Angry villagers in Nigeria stormed and seized three Shell oil platforms Wednesday in the volatile Niger Delta, forcing oil production to be shut down at each, the oil company said.

Royal Dutch Shell PLC officials declined to say how much oil had been cut off after the platforms were attacked. Chevron Corp. said it shut down a platform in the area as a precaution.

Shell said in statement members of the Kula community living near Shell's Ekulama 1, Ekulama 2 and Belema oil pumping stations invaded the facilities Wednesday, accusing the oil giant of failing to meet the terms of an agreement to provide them aid.

"We had to shut the facilities," the statement said, giving no other details.

Femi Odumabo, a spokesman for Chevron in Nigeria, said his company shut down its Robertkiri platform in the same area after protesters took over the Shell installations.

"Our action was pre-emptive. We shut down because we didn't want them to take over our facility," said Odumabo.

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He said Rivers State government officials in charge of the area were holding negotiations with the protesters to address their grievances.

It was not immediately clear what happened to the people who were working on the Shell platforms at the time.

Despite sitting atop much of Nigeria's oil reserves the inhabitants of the southern oil region remain among the most impoverished in the country. With little or no influence on the government they frequently turn to oil companies who run joint ventures with the Nigerian state with demands for jobs, schools and electricity.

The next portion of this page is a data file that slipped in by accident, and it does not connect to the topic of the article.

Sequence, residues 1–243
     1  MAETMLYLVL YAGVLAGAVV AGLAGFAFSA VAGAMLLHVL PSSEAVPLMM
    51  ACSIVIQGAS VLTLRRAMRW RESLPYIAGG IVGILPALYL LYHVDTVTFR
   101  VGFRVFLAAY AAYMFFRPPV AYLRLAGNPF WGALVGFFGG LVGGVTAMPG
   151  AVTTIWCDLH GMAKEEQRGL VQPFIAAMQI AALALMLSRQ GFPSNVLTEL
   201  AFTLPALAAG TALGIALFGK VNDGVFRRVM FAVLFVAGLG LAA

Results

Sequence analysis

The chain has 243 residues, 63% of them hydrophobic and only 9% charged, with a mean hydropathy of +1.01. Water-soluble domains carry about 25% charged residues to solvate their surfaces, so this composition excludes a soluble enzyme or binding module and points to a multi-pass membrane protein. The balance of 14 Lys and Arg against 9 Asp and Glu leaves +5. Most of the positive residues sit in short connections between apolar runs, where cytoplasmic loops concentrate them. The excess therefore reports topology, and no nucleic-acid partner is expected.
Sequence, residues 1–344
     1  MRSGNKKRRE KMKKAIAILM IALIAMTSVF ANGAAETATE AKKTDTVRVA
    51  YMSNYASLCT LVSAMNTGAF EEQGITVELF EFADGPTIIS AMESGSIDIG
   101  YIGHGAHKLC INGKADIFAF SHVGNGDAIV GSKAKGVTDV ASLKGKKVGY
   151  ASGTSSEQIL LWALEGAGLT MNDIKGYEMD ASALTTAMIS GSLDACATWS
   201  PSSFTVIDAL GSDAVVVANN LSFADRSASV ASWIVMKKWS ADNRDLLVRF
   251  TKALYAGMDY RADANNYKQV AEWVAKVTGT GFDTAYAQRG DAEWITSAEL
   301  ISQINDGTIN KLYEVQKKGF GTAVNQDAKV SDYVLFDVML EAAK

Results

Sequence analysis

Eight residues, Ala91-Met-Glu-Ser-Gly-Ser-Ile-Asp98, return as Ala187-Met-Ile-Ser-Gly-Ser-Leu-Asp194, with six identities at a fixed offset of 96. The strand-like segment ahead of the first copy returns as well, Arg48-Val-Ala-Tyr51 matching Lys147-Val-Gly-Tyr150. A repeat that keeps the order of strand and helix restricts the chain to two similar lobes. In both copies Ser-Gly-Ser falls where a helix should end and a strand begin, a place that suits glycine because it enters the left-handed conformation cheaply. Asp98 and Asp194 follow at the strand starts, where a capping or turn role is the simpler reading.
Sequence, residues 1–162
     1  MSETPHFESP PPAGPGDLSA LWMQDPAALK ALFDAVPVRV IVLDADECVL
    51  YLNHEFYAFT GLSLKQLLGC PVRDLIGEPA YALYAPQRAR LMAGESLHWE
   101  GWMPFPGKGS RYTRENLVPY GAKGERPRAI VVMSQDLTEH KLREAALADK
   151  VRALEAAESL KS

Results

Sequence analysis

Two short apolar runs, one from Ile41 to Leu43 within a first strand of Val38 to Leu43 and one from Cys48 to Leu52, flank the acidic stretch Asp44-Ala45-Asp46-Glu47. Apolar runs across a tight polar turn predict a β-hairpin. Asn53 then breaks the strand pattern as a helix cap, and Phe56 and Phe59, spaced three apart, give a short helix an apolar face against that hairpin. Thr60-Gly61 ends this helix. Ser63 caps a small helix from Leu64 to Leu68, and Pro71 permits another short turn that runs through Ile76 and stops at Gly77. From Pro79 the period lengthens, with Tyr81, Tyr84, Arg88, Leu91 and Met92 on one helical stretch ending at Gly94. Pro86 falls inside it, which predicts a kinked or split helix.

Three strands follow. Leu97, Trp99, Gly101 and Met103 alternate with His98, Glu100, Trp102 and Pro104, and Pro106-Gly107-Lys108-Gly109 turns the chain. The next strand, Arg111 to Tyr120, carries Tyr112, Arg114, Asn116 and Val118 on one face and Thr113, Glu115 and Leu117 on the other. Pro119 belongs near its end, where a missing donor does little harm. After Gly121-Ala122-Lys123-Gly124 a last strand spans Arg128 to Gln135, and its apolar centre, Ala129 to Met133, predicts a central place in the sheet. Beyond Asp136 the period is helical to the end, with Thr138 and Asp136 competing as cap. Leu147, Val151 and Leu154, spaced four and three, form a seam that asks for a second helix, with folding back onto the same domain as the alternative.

Over the last decade, villagers have often stormed oil facilities to protest against oil companies they believe are taking wealth from their land and giving little back. Most such seizures have ended peacefully.

This year, armed militia groups who claim to be fighting for similar causes have increased attacks on oil installations and seized foreign oil workers as hostages either for ransom or to back demands for more local control of oil wealth.

Attacks by armed militants in Nigeria's oil region have cut more than a quarter of the country's oil exports since the beginning of this year.

The Brussels, Belgium-based International Crisis Group said in a report Wednesday that Nigeria was "faltering," citing violent political, ethnic and religious unrest currently sweeping the country as symptoms of "a deeply flawed" federal system.

Lack of a genuine structure for sharing power has fueled what the group described as "dangerous rivalries" and aided the emergence of armed, ethnic militia groups especially in the delta.

Nigeria is Africa's biggest oil producer and the fifth-biggest source of U.S. oil imports, exporting an average of 2.5 million barrels a day.